Great Basin N.P. with Beth Ruggiero-York

Announcing the first annual Nature Photography Show workshop! It will be held at a little-known and remote gem of a location — Great Basin National Park — from September 6th – 10th, 2018.  There will be opportunities to photograph from sunrise to sunset, and when it gets dark, the beauty of the park will really shine! We have scheduled the workshop during a new moon (i.e., very dark skies) to offer excellent opportunities for night photography and instruction.

The Nature Photography Show has booked the entire lodge at Hidden Canyon Ranch, just outside Great Basin National Park. Additionally, the price includes your lodging in very comfortable rooms and all meals during your stay for the workshop. Meals are homemade by our friendly hosts and served family style.

Workshop Includes:
Photographic instruction
Lodging based on 2 Participants Per Room ($350.00 fee should you want a private room)
Breakfast, Lunch, and Dinner

What’s not included:
Transportation:  The Great Basin National Park is in a remote location.  Transportation to and from the airport and during the workshop is not provided.  Please keep this in mind when making travel arrangements.
*A deposit of at least $500.00 is required to hold your reservation.  If you wish to make a deposit, payments, or pay by check you can call Jason Eldridge at 305-989-3279 to arrange specific details.

Additional Details
The two best locations to fly into are the Las Vegas International Airport (LAS) and the Salt Lake City International Airport (SLC).  From there you can rent a car for the duration of your trip.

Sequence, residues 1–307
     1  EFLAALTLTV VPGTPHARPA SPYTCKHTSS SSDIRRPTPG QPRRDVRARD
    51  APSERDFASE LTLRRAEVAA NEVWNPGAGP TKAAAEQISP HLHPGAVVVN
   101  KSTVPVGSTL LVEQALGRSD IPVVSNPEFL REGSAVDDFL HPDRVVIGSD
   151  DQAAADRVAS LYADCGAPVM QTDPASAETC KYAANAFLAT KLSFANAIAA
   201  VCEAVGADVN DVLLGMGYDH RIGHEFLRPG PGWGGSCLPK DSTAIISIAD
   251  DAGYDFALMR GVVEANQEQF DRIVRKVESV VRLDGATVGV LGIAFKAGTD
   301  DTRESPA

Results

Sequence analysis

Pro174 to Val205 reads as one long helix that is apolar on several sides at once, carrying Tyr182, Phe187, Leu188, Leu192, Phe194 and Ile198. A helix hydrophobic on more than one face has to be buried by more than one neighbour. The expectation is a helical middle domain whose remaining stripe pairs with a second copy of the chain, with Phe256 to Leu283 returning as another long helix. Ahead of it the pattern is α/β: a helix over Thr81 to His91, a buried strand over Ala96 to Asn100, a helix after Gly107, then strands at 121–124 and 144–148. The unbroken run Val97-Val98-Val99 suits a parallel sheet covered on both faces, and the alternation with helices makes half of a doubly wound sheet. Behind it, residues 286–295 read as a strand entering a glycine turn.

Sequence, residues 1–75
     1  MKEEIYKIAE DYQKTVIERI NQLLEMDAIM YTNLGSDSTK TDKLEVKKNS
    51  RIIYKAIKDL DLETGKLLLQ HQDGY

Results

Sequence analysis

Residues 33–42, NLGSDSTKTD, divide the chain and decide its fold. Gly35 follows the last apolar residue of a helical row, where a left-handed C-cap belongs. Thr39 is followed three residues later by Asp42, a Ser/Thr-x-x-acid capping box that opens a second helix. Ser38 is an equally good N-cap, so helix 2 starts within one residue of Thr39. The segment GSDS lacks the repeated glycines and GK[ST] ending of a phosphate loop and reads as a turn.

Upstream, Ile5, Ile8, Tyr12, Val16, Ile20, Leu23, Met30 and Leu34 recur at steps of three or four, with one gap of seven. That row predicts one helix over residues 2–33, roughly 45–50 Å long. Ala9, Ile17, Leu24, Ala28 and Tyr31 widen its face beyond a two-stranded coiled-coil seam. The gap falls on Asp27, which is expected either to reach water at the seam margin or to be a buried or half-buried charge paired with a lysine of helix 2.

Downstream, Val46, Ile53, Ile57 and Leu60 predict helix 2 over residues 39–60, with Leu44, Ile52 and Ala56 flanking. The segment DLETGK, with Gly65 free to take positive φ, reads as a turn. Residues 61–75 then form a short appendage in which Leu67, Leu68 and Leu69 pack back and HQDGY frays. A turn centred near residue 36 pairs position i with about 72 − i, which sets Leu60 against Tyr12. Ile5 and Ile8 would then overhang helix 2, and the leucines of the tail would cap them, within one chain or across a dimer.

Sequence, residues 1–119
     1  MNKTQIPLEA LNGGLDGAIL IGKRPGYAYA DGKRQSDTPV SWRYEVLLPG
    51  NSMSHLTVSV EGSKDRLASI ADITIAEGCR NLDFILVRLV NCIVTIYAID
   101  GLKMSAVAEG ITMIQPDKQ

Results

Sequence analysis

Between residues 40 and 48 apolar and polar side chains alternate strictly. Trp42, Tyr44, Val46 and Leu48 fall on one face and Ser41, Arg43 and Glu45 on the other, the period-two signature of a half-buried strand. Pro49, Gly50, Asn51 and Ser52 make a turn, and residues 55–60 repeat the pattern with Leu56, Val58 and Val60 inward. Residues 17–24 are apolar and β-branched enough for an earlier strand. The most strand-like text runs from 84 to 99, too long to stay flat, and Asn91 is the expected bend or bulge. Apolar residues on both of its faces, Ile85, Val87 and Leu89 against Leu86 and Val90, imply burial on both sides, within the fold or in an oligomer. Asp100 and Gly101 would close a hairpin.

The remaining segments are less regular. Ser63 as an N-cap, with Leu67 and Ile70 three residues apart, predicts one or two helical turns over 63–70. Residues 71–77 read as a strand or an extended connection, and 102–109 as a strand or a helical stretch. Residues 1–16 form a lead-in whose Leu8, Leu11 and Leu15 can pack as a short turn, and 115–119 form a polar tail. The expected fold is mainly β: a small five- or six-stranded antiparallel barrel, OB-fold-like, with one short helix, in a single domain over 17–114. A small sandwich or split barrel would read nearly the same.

Cancellation Policy:
90+ days prior to the start of the workshop:  Deposit is refunded less a $100.00 admin fee
Between 89-31 days prior to the start of the workshop: Full deposit is retained
Within 30 days prior to the start of the workshop the full cost is retained

Lofoten Islands, Norway with Jennifer King

Nestled in dramatic peaks and mountains of the arctic circle is an area filled with beaches, bays and open sea, the Lofoten Islands. At 68° north, the mountains meet the sea and the bays are spotted with red and colorful fishing villages, history and unsurpassed photo opportunities. March is the perfect month for visiting the islands, as this is an ideal time for Northern Lights, snow covered mountains, and the colder temperatures of winter have passed. Join us on this incredible ADVENTURE PHOTO WORKSHOP as we explore (and stay) in coastal fishing villages and capture the beauty and drama of this stretch of unchanged coastal islands.

Death Valley Landscapes and Nightscapes with Jennifer King

Death Valley offers the most unique experience for photographers. The diversity of the landscape is almost unimaginable, and its beauty is rugged, raw and fierce. Explore and photograph this mysterious landscape then photograph under the night sky. Walk along the ridges of a sand dune, photograph salt formations along the valley floor, photograph the famous La Playa racetrack, view the desert colors from atop the mountains and even photograph a ghost town. Join us on this 5-day photographic journey for sunrises, sunsets and stars under the desert sky.